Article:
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Friday, November 05, 2021

Understanding your teenager


Guest post by Geoff Taylor, the Head of Young Learners at the British Council in Malaysia

We all know that teenagers are going through a vast array of changes, and we all know that sometimes they can be difficult. What we may not realise is how little choice teenagers sometimes have in the way they behave. A lot of typical teenage behaviour stems from physical changes in the brain and elsewhere that teens have no control over.

Different parts of the teenage brain develop at different speeds. Unfortunately for us, they seem to  develop in exactly the wrong order. For example, first we see massive changes and development in the areas of the brain that control risk taking, impulsiveness and being influenced by peers. Only later do we see development in self-control, rationality, and self-restraint.

Providing appropriate parenting to a teen can be a tricky balancing act. Teenagers are starting to assert their independence and it is difficult sometimes for parents to recognise that children are more independent than they were a few years ago. It does not help that teens often don’t have the knowledge or experience (or even the brain development) to make effective decisions, or that it is wired into the teenage brain to care more about the opinions of their friends than their parents. However, it is important for us to recognise the changes that are taking place in our teenagers, and, where possible, take a few steps to maintain a healthy parent-child relationship.

Understanding teenage motivations

Parents often say that teenagers seem to live in a totally different reality. The truth is, they do. For example, due to the unequal pace of brain development, peer relationships and the desire to ‘fit in’ are disproportionately important at this age. This means that when the priority is to revise for the big exam, the teenage brain will insist the priority is to chat online. The trick here is to try and understand how things look from their perspective. Resist demanding to know why they are not revising and, instead, ask “Why are you chatting online?” Then actually listen to their answer. The idea is to avoid making your child feel like they need to defend themselves as this leads to conflict. Only once you understand their perspective can you move onto something like: “I understand that it is very important to catch up with your friends and that it is necessary for you to do so. I also understand that this exam is very important for you, and you have a responsibility to do your best. Can we work together on a schedule to get the revision done?” If we don’t take the first step, of understanding their point of view, then the second step of resolving the problem becomes more challenging.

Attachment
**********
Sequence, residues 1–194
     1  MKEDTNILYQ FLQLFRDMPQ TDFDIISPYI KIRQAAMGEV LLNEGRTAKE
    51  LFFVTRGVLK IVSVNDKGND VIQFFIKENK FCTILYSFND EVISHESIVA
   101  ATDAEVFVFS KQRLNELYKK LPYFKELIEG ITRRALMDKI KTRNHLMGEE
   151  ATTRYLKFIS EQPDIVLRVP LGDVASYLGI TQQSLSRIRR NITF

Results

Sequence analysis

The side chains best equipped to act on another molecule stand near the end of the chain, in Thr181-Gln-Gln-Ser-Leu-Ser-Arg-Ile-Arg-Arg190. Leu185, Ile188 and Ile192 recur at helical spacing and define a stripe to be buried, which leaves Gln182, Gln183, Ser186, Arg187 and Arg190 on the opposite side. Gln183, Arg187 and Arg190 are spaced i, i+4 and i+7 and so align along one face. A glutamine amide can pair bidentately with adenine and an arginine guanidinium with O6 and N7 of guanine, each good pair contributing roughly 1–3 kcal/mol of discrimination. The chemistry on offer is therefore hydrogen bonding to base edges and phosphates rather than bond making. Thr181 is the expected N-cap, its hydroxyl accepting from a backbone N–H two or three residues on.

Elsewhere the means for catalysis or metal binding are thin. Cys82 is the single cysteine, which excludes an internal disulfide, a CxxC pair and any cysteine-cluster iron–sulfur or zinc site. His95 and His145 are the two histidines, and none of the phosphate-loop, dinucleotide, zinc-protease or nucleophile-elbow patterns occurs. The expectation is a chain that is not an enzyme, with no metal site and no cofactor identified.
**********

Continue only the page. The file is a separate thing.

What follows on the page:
Remembering that we are the adults

Due to the uneven pace of physical and mental development, it is harder for teens to control their 
emotions than adults. If a teen is shouting or sulking or ignoring us, the temptation can be to respond in kind. This doesn’t help. We are supposed to be the adult, so the onus is on us to show maturity. If our role as parents is to teach a child how to be a good adult, then the best way to do this is to demonstrate what being a good adult looks like. While it may be difficult, responding to them in a calm and reasonable way is the best way to teach our children to be calm and reasonable. Your child already knows how to resolve problems in a teenage way; they need us to show them how an adult does it.

Dealing with serious misbehaviour

On occasion if our child really does cross the line, it may be necessary to use some form of sanction or punishment. However, we should be very careful here. For example, if we hit our kids, then what we are teaching them is that hitting people is a good way to resolve problems. I don’t think this is the case. Taking a tablet away for an evening or not letting them go out with their friends may be a more effective way of making a point, however turning the idea of punishment on its head has been proven to be the most effective way of influencing long term behaviour. Instead of only responding when our teenagers do something wrong, why not try to respond when they do something right? If  they talk to you in a reasonable and respectful way, then tell them that you enjoyed the talk. If they eat together with the family and don’t immediately rush off to their room with an iPad, thank them for their time and tell them you enjoyed their company. Sometimes a little thumbs up to recognise the effort made is all that is needed. This technique of recognising positive behaviour has been proven to be more effective and beneficial in the long run than punishing negative behaviour. There is also the downside to punishing bad behaviour that it tends to drive teens away and make them more secretive. This is not the result we want.

There is not doubt that it can be a challenge to both be a teenager and raise a teenager. This is due to the vast mental and physical changes that teens are undergoing, and, the uneven pace of these changes. Remembering that sometimes your teenager has no more control over their actions and feelings than you do, and that your role is to show them how to behave like a good adult, can be an effective way to guide them through this stage in life.

About the British Council in Malaysia

Our teaching centres in Kuala Lumpur, Damansara and Penang offer English courses for kids and teens. Your children will learn more than just language, they will develop skills such as critical thinking, problem solving, making connections and leadership. Our January intake is now open for registration with early bird discount until 30 November. If you’re interested to know more, please speak with one of our friendly consultants by booking a free consultation here

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